Thursday, November 20, 2008

Testing our interfaith understandings...

can be a challenge when we don't know very much about another religion. Recently, our congregation had hoped to rent our facility to the tiny local Jewish community for one of their holiday gatherings but it turned out that several of their members refuse to attend anything in a church. (They have no facility of their own and must rent space for services and events.)

When we received the word that they were canceling their reservation, we were stunned and dismayed. Had we done anything to offend? Did they realize how much UUs have done over the years to be supportive of Jews? Did they know that we hardly even call our building a church, but rather a sanctuary, a meeting house? Why on earth would they choose not to rent from us?

So at the gym this morning, I asked H., who has been part of the local Jewish community to share her thoughts and she explained that there are Jews who, as a matter of religious principle, do not want to enter other religions' sacred spaces. It has more to do with principle and custom than with ancient wounds, there's nothing personal about it, and nothing we do is likely to change minds.

I realized as I thought more about this, this morning, that my own reaction was of intolerance for another's religious principle. I'm glad I had a chance to talk to H., for her calm explanation of a different religious way of life helped me see that my original reaction was a bit self-righteous and intolerant.

It's interesting to me that we are fine with religious principles that make sense to us, but when we encounter a principle that seems illogical, we are apt to assume the worst rather than the best. We struggle to make sense of ancient customs that don't fit our modern culture and are more likely to dismiss them rather than respect them.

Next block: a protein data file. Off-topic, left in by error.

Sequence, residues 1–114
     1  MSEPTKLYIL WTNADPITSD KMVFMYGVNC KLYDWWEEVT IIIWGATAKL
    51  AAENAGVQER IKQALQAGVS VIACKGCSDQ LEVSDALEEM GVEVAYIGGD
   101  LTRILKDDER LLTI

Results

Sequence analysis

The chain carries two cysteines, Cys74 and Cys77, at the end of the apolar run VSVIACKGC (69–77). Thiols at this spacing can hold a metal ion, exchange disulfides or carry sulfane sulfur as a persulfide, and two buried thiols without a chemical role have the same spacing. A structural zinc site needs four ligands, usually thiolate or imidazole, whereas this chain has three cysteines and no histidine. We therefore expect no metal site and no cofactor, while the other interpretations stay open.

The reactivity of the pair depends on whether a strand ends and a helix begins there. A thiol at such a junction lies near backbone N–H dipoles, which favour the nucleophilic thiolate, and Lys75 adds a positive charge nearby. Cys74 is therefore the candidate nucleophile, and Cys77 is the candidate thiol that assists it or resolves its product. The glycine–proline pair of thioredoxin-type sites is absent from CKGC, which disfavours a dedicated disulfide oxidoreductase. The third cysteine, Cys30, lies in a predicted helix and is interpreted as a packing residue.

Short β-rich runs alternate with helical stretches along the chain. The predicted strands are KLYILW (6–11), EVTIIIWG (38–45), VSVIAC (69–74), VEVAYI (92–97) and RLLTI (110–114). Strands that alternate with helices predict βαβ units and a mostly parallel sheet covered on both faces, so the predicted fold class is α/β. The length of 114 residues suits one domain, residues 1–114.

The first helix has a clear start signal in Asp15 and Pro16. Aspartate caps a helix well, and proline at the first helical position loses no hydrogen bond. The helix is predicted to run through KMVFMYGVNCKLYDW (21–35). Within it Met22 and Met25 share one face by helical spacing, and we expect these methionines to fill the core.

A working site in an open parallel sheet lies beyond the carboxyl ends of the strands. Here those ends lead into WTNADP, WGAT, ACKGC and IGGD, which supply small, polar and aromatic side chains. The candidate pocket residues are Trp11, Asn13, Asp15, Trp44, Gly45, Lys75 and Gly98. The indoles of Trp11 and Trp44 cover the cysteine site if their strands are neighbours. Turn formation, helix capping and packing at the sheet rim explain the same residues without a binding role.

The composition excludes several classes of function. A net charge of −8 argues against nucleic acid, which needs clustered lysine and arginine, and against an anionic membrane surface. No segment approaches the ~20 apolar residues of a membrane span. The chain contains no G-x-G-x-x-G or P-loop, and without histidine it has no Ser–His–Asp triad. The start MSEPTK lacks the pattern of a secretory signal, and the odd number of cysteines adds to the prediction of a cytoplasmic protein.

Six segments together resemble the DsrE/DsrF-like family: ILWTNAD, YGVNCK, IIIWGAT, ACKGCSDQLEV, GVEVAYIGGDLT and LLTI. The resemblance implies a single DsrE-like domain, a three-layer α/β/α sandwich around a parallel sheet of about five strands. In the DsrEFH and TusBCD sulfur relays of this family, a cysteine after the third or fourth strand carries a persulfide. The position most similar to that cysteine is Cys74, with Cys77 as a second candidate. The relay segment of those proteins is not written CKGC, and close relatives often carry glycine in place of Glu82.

I am learning gradually not to leap to conclusions without investigating further. I've re-learned that lesson today.


Ms. Theologian said...

I try to remind myself of this when I encounter folks from that church that many of us consider a cult (and that shall remain nameless, but involves aliens and a volcano). I am much more "tolerant" when I agree.

ms. kitty said...

Boy, aren't we all, Ms. T? Thanks.

LinguistFriend said...

In the odd way in which I grew up, I spent much more time at the Jewish Community Center (Newport News) than at any Christian churches, and was much more comfortable there. That was partly because the minister at the Christian church which I was most likely to have reason to visit (weddings, etc.) was an outspoken racist who did not refrain from expressing his views at such occasions. But your experience reminds me how important it was that the JCC provided a place, not involved with formal religious services, and not only active in cultural activity (the main draw for me then), where Jews and us goyim could interact comfortably.
I was not one of the group, but I was not an enemy, as I was made to feel at times at that Christian church. You apparently do not have a large enough Jewish group for such things to happen.

ms. kitty said...

Thanks, LF. It's interesting to me that we UUs occasionally run into the same kind of thing as our Jews here have: folks whose personal religious journey has caused them to have strictures that they are not comfortable stretching. In my congregation, I have people who are so uncomfortable with crosses, crucifixes, God-language, etc., that they will not use them or attend a service where these are used.

With us it's not a religious principle so much as a desire not to be tagged as a user of these symbols.